For the record, Clarksville is about 40 minutes outside DC, so it’s not an impossible trek if you need buffalo tempeh in your life. And you do. My point is that for a city the size of DC, it’s just embarrassing that we don’t have more to offer in the realm of vegan dining. I know the market exists, but right now every restaurant that opens feels like the same thing with a different name. And a girl can only eat so many french fries.

You want some soup?

Probably. It’s fall and I hate fall. I don’t like to be cold, windy days make me cranky and leaving work in the dark is super depressing. Yes, fall is pretty, but even crunchy leaves and red-gold trees can’t cheer me up once coat weather sets in.

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“Last Conversation Piece” by Juan Munoz

It turns out, though, that there are a *few* things that help with the fall blues. I had a day off in the middle of the week a few weeks ago and spent an afternoon wandering the sculpture garden at the Hirshorn (the best Smithsonian). It was sunny, with only a slight chill in the air, and I realized that this piece, which I fell in love with back in 2003 when I interned in DC, is still here.

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Wild rice salad with roasted pecans, cranberries and grapes. Super yum.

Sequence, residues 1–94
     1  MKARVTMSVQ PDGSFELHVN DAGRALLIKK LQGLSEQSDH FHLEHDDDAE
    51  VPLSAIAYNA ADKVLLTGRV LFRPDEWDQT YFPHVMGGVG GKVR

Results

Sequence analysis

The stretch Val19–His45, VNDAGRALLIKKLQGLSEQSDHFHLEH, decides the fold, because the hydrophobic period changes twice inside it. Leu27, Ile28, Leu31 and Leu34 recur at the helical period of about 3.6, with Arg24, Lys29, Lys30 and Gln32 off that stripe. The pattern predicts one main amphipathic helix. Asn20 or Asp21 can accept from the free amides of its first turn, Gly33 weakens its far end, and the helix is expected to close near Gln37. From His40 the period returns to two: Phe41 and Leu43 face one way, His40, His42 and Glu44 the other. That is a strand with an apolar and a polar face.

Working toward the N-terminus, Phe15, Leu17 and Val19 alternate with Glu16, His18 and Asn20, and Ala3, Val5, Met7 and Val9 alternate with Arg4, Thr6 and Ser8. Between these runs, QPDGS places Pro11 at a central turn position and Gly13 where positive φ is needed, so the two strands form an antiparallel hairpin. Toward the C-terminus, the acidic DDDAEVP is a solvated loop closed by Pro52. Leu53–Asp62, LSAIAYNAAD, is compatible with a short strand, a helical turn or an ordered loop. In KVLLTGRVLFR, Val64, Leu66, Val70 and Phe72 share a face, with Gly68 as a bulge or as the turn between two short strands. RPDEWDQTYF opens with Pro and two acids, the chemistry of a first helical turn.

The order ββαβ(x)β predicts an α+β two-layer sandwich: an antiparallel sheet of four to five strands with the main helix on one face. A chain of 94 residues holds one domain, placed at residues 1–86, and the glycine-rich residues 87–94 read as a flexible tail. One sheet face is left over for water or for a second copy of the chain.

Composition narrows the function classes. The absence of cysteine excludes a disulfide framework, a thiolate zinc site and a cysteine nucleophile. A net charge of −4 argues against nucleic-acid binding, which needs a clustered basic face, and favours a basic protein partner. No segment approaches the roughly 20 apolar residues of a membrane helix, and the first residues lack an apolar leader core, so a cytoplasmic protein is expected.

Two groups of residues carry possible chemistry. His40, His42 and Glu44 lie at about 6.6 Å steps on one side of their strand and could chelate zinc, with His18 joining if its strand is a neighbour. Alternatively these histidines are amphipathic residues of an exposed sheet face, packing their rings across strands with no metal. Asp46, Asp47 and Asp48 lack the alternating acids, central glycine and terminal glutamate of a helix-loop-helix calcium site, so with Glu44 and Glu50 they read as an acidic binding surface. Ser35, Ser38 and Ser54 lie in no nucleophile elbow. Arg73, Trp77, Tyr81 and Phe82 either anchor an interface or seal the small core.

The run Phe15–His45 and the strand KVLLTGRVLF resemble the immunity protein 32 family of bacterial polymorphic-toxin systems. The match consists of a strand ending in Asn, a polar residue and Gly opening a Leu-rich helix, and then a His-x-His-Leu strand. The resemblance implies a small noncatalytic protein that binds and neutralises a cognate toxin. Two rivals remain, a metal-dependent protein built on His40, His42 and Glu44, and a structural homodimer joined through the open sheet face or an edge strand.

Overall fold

Also, my ladyfriend took me out to a fancy vegan brunch at Todd Gray’s Muse Cafe in the Corcoran Gallery. The cafe is set up in the atrium of the museum, there was a jazz guitarist playing and the food is delicious. One small caveat – the staff is very nice and attentive, but not very well-versed in food allergies. I asked our waiter which dishes had gluten, and he told me I could eat everything in the buffet except the Red Curry Cous Cous because the tofu had been “marinated with a little soy sauce.” Cool…but cous cous is NOT gluten-free, so the soy sauce would have been the least of my worries. He didn’t mention anything about the whole wheat french toast or macaroni and cheese (both of which my ladyfriend said were awesome), so if I had taken him at his word, I would have had a very unpleasant Sunday afternoon.

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Me: What’s a quince, anyway?
Ladyfriend: I have no idea, but it makes an excellent compote.

The good news: we spoke to someone else on the staff a few minutes later who was able to answer our questions and made me a special fruit salad: poached pears, quince and golden raisin compote, some type of fancy orange, pomegranate seeds and slivered almonds. She also brought me two of Kate Bakes vegan and gluten-free protein bars. I tried the Chocolate Coffee flavor today and I’m saving the Banana Cinnamon Oatmeal bar for later this week.